Two things have helped bring me to this point: I was inspired by Jenn Ashworth’s recent 100 Days of Writing project, described so beautifully in this blog by Prolifiko, the writers’ productivity coach. I also read Steven Pressfield’s book The War of Art (Black Irish Entertainment, 2002), all about overcoming procrastination and committing to creative practice. (Thank you to Mel Green for telling me about this book when we met at Gladstones Library recently.) Both helped me see that I was wasting time and energy justifying not writing, when I could just show up and write.
Why do I do this dance of avoidance? Yes, I have a day job and a family, but so do most writers I know. And it’s true that starting a new book can be scary, demanding and difficult. But when my writing is going well, it’s transforming, absorbing and satisfying. When I’m deep in a project and my writing practice is flowing, everything is better. My whole life hums with the rightness of it. It feels like what I was made for. I’m happier, healthier, more me. I don’t begrudge hard work or all the other chores I have to squeeze into a day, if I’ve made time to write first.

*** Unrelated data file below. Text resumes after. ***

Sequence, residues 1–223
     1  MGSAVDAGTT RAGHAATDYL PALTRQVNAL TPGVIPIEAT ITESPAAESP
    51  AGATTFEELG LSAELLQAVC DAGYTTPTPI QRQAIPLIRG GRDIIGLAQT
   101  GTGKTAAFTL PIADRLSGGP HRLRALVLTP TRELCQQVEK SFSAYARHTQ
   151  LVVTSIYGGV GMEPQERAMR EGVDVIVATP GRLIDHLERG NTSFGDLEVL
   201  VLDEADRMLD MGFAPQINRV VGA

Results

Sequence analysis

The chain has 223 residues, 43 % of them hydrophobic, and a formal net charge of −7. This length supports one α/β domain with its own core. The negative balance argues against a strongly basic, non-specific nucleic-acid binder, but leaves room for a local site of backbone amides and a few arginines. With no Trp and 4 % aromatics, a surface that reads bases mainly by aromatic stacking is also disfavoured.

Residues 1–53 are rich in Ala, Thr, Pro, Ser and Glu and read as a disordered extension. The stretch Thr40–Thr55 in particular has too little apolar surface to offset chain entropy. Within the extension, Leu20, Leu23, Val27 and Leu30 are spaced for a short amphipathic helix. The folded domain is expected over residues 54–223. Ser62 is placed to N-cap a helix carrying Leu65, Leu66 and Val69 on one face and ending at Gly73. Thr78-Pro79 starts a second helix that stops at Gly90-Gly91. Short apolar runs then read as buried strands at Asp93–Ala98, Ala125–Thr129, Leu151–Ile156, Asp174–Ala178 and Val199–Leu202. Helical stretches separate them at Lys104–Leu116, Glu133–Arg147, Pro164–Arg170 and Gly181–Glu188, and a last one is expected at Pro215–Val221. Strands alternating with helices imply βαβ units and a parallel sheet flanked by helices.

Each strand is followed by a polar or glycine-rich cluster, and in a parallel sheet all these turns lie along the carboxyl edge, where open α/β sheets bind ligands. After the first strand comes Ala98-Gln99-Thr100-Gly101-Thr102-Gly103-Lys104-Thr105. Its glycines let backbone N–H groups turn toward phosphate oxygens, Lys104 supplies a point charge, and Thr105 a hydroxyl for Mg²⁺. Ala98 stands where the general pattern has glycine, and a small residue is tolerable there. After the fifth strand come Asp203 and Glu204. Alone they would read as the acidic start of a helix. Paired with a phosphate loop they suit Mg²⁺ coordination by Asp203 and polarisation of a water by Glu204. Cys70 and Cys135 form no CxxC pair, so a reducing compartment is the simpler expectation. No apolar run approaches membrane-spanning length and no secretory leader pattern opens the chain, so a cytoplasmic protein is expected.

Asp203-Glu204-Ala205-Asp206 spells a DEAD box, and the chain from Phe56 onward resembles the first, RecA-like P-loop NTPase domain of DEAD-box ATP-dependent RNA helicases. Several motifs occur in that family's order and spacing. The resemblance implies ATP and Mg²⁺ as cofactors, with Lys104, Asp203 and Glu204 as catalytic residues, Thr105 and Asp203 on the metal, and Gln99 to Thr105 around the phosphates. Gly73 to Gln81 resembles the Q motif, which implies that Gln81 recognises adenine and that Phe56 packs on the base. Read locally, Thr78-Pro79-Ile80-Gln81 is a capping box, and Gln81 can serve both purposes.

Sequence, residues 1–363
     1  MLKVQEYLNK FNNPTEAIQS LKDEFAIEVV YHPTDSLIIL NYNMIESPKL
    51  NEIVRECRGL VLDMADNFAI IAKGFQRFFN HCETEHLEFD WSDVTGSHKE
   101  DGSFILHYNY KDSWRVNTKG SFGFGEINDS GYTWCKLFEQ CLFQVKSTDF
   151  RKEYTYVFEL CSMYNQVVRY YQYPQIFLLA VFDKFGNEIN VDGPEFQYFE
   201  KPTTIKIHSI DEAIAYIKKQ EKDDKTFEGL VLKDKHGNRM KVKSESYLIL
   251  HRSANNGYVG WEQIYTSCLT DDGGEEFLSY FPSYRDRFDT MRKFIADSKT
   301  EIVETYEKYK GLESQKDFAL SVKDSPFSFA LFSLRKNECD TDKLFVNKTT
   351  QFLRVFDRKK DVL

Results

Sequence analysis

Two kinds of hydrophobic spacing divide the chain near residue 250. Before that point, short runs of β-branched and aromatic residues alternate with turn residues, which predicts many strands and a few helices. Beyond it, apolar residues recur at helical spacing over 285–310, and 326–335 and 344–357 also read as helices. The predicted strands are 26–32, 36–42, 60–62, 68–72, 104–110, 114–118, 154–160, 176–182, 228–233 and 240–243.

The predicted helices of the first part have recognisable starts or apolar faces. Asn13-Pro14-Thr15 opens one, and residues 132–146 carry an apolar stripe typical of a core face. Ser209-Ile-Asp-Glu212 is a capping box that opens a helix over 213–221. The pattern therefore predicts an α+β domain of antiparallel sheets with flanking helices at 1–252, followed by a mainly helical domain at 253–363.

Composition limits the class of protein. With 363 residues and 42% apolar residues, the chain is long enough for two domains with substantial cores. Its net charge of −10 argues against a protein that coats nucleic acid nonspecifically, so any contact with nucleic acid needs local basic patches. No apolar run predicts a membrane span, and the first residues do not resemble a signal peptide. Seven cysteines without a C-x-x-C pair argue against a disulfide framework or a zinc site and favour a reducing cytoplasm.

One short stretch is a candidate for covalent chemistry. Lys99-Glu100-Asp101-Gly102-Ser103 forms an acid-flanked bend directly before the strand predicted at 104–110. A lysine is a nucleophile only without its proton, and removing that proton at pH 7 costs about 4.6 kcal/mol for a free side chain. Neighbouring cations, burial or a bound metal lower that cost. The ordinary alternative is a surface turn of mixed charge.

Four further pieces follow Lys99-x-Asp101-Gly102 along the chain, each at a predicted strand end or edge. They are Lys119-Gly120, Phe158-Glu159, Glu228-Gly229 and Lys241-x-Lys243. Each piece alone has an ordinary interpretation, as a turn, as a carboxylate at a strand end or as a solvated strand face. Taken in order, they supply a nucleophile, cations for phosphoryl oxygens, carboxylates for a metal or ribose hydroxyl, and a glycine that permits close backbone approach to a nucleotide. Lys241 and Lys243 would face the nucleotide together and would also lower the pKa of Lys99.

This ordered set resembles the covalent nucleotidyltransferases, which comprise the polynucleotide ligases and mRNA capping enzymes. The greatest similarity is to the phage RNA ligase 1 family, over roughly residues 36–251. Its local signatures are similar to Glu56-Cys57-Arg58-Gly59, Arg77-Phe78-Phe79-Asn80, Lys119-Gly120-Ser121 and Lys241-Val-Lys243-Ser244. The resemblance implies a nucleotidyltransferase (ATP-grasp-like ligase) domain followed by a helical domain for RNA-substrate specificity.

But the truth is, I was daunted by committing to this project publicly. I described it to my friend Tara Guha, author of Untouchable Things (Legend Press 2015), hoping she would join me. She felt the same mixture of excitement and nerves. Even with a published novel apiece, we still experience the self-doubt, the resistance, the questioning.
But we have agreed that we will do it, come what may, come the busiest weeks of our day jobs, come family commitments and all the unexpected snags and twists of the daily juggle. We have agreed that we will show up to our writing projects for the next one hundred days, with no time pressure or word count goals. We will show up, engage, keep the faith with our writing selves.
So for the next hundred days, I hope this gentle practice of daily creativity will help me silence the relentless questioning – can I do this? Am I good enough? Is this interesting?
Instead I will shut up, show up and write. And post pics of the evidence, to keep me accountable: here's day 1:
Wish us luck?